Chicago Shootings Prompt ‘Peace in Our Dinnertime’ Billboard

PETA Ad Suggests Nonviolence Can Begin on Our Plates

For Immediate Release:
September 19, 2016

David Perle 202-483-7382

Chicago – Everyone can do something in response to the news that Chicago just surpassed 3,000 shootings and 500 homicides this year—with at least 36 more people shot just this weekend, some fatally—so PETA is negotiating with outdoor advertisers in the city to place a billboard with a plea for an ethic of all-encompassing nonviolence. The ad shows a fist holding carrots next to the words “Peace in Our Dinnertime” and “Choose Vegan,” and PETA hopes to place it in communities that are enduring the most violence, including the West Side’s Austin, Harrison, and Ogden districts and the East Side’s Englewood district. PETA believes that the root cause of all violence and disrespect is a failure to relate to and show compassion for those the perpetrators see as “others,” and the group strives to awaken people to the need to renounce oppression in all its forms.

“Perhaps nothing is more important than being decent to all living beings—regardless of race, religion, or species—and if we can relate to the animals killed for our plates, it shouldn’t be so hard to relate to our fellow human beings,” says PETA President Ingrid Newkirk. “People often feel powerless to stop needless violence around them, yet everyone has the chance to practice peace and compassion by going vegan.”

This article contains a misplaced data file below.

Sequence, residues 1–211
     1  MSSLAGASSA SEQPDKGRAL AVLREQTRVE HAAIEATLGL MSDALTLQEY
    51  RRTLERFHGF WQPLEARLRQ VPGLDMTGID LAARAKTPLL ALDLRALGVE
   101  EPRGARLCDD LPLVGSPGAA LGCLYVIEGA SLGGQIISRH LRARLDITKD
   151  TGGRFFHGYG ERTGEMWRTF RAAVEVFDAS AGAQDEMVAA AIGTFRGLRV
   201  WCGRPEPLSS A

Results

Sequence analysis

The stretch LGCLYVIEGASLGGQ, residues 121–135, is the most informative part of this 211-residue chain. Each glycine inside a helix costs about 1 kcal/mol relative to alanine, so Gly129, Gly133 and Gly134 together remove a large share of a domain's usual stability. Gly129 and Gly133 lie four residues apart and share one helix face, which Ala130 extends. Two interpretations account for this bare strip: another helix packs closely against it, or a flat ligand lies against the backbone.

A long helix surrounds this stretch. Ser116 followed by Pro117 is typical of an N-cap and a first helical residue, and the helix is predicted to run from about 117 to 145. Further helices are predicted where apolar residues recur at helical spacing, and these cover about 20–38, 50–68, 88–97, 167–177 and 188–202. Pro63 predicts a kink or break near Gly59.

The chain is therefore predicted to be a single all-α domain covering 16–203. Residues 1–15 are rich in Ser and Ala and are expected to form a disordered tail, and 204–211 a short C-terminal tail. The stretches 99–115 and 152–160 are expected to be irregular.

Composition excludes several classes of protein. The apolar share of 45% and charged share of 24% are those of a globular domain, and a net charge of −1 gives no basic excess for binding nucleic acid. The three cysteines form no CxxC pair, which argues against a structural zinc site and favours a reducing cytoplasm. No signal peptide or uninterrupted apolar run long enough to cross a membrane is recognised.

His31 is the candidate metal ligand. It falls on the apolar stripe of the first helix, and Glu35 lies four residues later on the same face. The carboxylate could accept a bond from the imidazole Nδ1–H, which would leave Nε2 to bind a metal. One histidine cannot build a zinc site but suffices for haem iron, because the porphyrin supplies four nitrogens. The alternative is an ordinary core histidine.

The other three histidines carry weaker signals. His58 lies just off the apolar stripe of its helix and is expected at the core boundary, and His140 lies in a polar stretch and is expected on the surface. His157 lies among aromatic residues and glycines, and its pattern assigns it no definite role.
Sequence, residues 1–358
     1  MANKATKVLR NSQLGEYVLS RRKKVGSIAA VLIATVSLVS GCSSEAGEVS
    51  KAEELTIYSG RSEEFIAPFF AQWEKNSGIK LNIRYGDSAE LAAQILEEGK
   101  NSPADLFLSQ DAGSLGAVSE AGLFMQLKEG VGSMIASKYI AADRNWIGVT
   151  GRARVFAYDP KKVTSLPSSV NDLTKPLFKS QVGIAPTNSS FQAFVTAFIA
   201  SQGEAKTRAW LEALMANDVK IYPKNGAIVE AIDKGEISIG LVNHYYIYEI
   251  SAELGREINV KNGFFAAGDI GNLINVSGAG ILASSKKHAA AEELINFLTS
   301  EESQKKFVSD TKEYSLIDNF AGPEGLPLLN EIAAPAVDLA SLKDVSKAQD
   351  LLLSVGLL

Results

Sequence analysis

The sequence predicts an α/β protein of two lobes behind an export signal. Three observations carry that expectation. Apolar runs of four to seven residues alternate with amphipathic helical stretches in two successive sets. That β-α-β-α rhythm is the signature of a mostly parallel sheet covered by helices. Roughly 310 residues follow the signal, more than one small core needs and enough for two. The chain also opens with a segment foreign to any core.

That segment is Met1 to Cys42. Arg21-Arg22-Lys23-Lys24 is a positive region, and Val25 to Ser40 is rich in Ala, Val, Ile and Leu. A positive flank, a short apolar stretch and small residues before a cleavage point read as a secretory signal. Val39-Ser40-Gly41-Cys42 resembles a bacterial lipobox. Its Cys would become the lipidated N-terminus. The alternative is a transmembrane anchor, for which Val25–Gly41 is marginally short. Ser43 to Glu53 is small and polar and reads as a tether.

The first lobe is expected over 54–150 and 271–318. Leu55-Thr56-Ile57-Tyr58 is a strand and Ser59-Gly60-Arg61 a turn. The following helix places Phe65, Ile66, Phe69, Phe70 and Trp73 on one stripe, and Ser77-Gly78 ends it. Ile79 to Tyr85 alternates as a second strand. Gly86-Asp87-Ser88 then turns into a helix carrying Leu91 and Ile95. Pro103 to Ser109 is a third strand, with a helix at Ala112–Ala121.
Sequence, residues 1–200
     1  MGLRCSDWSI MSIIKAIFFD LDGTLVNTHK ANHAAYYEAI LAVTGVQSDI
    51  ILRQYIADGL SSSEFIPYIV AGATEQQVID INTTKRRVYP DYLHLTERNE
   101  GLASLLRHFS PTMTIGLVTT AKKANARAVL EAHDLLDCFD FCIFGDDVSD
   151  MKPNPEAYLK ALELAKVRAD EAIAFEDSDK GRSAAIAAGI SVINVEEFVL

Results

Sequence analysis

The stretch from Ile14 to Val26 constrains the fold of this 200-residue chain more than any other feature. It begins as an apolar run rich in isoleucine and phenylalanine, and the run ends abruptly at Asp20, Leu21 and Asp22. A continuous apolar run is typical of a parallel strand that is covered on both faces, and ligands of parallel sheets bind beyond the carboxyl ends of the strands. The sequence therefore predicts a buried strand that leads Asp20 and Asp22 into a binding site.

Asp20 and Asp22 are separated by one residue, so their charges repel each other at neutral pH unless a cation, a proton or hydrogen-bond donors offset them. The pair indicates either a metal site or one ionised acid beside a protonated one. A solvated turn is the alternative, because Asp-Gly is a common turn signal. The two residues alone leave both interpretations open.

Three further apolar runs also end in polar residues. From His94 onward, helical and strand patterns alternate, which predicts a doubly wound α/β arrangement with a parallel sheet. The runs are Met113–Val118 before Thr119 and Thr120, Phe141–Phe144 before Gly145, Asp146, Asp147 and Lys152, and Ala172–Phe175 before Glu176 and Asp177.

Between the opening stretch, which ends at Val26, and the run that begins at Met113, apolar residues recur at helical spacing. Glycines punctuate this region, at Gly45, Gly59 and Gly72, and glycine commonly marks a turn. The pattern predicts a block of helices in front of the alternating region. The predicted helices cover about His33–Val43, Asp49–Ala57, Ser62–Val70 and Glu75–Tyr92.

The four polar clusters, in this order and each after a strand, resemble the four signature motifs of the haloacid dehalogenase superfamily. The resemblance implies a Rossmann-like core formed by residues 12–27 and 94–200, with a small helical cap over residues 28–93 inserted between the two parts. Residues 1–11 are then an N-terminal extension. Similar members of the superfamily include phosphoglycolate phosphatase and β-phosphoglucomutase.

PETA—whose motto reads, in part, that “animals are not ours to eat”—notes that all animals experience joy, pain, fear, love, and grief and value their lives just as humans do. But in the meat industry, chickens’ and turkeys’ throats are cut while they’re still conscious, piglets’ tails and testicles are cut off without the use of painkillers, cows are hung upside down and often skinned while they’re still able to feel pain, and calves in the dairy industry are taken from their mothers within hours of birth. On the decks of fishing boats, fish suffocate or are cut open while they’re still alive.

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 Ingrid E. Newkirk

“Almost all of us grew up eating meat, wearing leather, and going to circuses and zoos. We never considered the impact of these actions on the animals involved. For whatever reason, you are now asking the question: Why should animals have rights?” READ MORE

— Ingrid E. Newkirk, PETA President and co-author of Animalkind